A clutch of Decca Toscas

For this comparison, I have chosen five different recordings of Tosca, all available from Decca Classics.

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First off I revisited the 1984 Solti Tosca but have to say I got bored before the end of Act I and then just tried various bits in the other two acts. The sound is great. Apart from that the best thing in it is Aragall, though I wouldn’t prefer him to Di Stefano, Domingo, Carreras or Bergonzi, all of whom appear on other more recommendable recordings. Nucci is a dead loss and Te Kanawa out of her depth as Tosca. Solti’s conducting has little to commend it either, too slow in places and too fast in others. It just doesn’t add up to a convincing whole, and considering it was all recorded piecemeal, that’s hardly a surprise. I remember this set was originally issued in a blaze of publicity, but it didn’t sell well and was quickly remaindered. A totally forgettable performance. 

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Where I found the Solti a bit of a bore, this 1966 set is quite interesting, but often for all the wrong reasons. First of all Maazel’s conducting is fussy beyond belief. He can hardly let a phrase go by without pulling around the tempo or trying to bring out some detail in the score. There is no lyrical flow or sweep and untilmately Puccini gets lost on the altar of Maazel’s ego.

Fischer-Dieskau’s Scarpia is, as you would expect, intelligently thought out, but it never sounds idiomatic. He is an artist I admire in the right repertoire but Puccini was not for him. Corelli is, well, Corelli. He is definitely the best of the three principals, but he emphasises the heroic at the expense of the seductive. Nonetheless, as always, there is much to enjoy in the sound of the voice itself.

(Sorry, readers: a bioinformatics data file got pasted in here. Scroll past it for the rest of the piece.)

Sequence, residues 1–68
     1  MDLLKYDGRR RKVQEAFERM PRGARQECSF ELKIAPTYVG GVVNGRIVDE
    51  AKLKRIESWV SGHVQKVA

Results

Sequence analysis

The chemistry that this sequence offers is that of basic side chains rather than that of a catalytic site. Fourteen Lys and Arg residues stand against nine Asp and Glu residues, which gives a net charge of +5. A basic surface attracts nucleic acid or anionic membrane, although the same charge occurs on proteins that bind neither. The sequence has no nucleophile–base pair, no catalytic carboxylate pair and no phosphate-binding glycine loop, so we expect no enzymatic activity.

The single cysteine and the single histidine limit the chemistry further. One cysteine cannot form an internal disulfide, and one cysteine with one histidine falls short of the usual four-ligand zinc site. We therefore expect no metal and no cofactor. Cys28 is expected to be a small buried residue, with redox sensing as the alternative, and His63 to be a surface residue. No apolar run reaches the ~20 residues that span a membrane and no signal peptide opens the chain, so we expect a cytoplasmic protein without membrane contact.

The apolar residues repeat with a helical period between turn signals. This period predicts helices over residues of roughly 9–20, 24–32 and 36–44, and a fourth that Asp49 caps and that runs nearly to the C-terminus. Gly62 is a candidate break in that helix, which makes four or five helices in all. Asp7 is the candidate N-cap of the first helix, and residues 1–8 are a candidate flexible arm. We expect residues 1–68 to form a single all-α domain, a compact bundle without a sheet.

Then there is Nilsson. Well the top notes are fabulous of course, but this isn’t really a good role for her. She often overdoes the histrionics, as in her first scene with Scarpia where she adds a surfeit of sobs. She can also be a little clumsy in the ligher sections and Non la sospiri la nostra casetta is clumsy and unpolished. Ultimately, like Fischer-Dieskau, she sounds as if she had strayed into the wrong opera.

For all that I found this more enjoyable than the Solti, which is just plain dull. At least all the singers here have a personality.

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So I’ve moved on to the 1978 Rescigno in this mini challenge and there’s little here to detain us. In fact I’d be tempted to place this below the Maazel, which at least has interest value. Rescigno was a favourite of Callas’s, recording many of her recital albums and delivering at least one great performance in the live 1958 Covent Garden Traviata but his conducting here is just plain dull. Like Te Kanawa, Freni is completely out of her depth, the voice just too light even at this stage of her career. I expected Milnes to be more interesting, especially when you think of his Jack Rance, but for some reason his Scarpia just isn’t nasty enough. Which leaves Pavarotti, who sounds out of sorts vocally. The velvet has gone from his voice and he often sounds plain whiney. Not surprisingly his Vittoria! is very small scale when set beside Corelli’s. And small scale is what personifies the whole performance, but that’s not what Tosca needs.

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At last a real Tosca voice! Aside from at the very top of the voice when she can be a bit shrieky, Tebaldi fulfils almost all the demands the role asks of her. I say almost, because she doesn’t quite have Callas’s flexibility and lightness of touch in Non la sospiri la nostra casetta, but then few do. The beauty of the voice is well caught and she is a convincing Tosca. It’s not a particularly subtle performance, from any of the singers, but they do all have splendid voices of the requisite size and weight. Del Monaco is much better than I remembered, though he still bawls from time to time and his arias lack poetry. George London is the best of the Scarpias so far, his voice dark and threatening.